Science to Action: Thoughts on Convincing a Skeptical Public William H. Press University of Texas at Austin 2015 William D. Carey Lecture April 30, 2015 Actual full page ad in USA Today and The Wall Street Journal February, 2015) This is the only way that it could be less effective, in my opinion! National Geographic
(January, 2015) reporting on Pew poll (2014) The questions are a mixture of being about scientific fact, and about the opinions of scientiststwo quite different things! Storyline No. 1 Scientists who are motivated by a sense of pure discovery observe, measure, and characterize a new phenomenon. Other scientists and engineers, motivated by a desire to create
applications, develop technologies and inventions that utilize the new phenomenon. The results are new products, jobs, and industries. What do successes look like? The rise of new industries. Disclaimer: N-grams are not always accurate indicators of social trends. However, they are fun. Storyline No. 2 Scientists familiar with the data recognize a danger or hazard to the public. They convince the public that action
is needed, often despite opposition from economic interests or people who disagree with the evidence. The result is appropriate action by government and favorable outcomes for the public. What do successes look like for Storyline No. 2? Discussion rises, action is taken, issue loses urgency The two storylines are quite different. No. 1: Scientists enabling research discovery, invention, and development what can be No 2: Scientists educating the public and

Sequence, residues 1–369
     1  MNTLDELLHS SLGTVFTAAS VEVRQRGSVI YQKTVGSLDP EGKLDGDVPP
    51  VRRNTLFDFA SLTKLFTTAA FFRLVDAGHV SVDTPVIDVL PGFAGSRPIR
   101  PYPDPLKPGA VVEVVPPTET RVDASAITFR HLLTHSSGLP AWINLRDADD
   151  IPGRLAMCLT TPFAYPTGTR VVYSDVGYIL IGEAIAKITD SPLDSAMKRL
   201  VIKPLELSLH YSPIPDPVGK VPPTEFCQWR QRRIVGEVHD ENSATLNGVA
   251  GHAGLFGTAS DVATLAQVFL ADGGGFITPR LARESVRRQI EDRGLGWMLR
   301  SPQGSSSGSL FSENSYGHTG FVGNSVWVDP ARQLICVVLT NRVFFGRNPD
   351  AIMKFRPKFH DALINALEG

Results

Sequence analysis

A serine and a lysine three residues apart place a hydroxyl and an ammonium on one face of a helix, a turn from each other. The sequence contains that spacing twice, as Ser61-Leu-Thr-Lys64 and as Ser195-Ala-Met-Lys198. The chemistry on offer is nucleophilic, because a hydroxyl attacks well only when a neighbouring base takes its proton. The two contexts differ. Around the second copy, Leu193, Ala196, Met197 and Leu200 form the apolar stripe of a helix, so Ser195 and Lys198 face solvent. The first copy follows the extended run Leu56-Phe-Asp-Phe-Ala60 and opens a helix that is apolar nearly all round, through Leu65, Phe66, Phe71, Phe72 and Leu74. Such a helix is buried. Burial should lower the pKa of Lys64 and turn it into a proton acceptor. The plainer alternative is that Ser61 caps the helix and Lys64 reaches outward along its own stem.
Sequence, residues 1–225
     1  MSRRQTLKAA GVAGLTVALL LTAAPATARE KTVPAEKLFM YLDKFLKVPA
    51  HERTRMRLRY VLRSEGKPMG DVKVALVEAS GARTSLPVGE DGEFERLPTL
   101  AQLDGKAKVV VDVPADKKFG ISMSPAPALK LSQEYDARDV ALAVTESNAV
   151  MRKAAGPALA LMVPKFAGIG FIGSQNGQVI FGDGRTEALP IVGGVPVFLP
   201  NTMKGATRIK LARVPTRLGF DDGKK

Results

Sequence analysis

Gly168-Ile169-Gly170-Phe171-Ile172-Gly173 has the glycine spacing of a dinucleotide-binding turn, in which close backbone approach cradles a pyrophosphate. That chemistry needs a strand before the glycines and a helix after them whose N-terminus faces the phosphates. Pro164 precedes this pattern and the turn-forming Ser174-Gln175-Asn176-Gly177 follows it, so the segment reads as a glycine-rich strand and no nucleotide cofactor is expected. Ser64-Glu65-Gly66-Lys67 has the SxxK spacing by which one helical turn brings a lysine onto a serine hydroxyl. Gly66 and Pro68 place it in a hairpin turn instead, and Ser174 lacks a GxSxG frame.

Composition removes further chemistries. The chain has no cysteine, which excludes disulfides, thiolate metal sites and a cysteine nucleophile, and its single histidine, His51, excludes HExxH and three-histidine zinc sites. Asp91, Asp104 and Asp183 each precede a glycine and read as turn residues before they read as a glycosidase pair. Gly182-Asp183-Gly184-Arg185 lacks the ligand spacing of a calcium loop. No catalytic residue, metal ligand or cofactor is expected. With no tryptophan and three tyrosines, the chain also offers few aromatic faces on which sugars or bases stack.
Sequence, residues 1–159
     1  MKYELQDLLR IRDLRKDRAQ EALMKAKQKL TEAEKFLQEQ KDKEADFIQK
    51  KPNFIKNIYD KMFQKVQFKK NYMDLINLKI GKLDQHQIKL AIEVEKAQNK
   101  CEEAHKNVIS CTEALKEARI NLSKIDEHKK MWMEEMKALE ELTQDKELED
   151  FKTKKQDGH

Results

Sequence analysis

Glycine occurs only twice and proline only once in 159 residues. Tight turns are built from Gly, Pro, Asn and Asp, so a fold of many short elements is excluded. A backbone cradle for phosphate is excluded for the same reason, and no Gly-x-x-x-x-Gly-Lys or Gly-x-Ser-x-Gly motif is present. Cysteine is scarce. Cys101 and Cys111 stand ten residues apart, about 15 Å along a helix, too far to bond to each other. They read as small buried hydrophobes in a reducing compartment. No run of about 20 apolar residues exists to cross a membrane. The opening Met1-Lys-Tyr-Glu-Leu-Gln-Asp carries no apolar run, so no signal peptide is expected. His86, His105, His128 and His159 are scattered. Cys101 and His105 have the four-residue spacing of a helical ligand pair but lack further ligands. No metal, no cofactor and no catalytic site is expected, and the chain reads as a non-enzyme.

advocating action and change what should be These are both important roles for scientists. But they are different and distinct and require different kinds of interaction with the public Storyline No. 2 successes are not all post-WWII phenomena Triangle Shirtwaist fire (1911) San Francisco earthquake (1906) Iroquois Theater fire (1903) Chicago fire (1871) Fire protection as a case study The hazard was one familiar
to the public. There were catalyzing events. There were effective and affordable mitigating technologies. 1890: Grinnells glass disk sprinkler head Economic interests were not exclusively on one side 1894: Underwriters Laboratories We might hope for progress without catalyzing events, but history indicates otherwise 1911
1962 1964 Case study: Smoking Is Is the the hazard hazard familiar familiar to
to the the public? public? Have Have there there been been catalyzing catalyzing events? events? Are Are there there effective effective and and affordable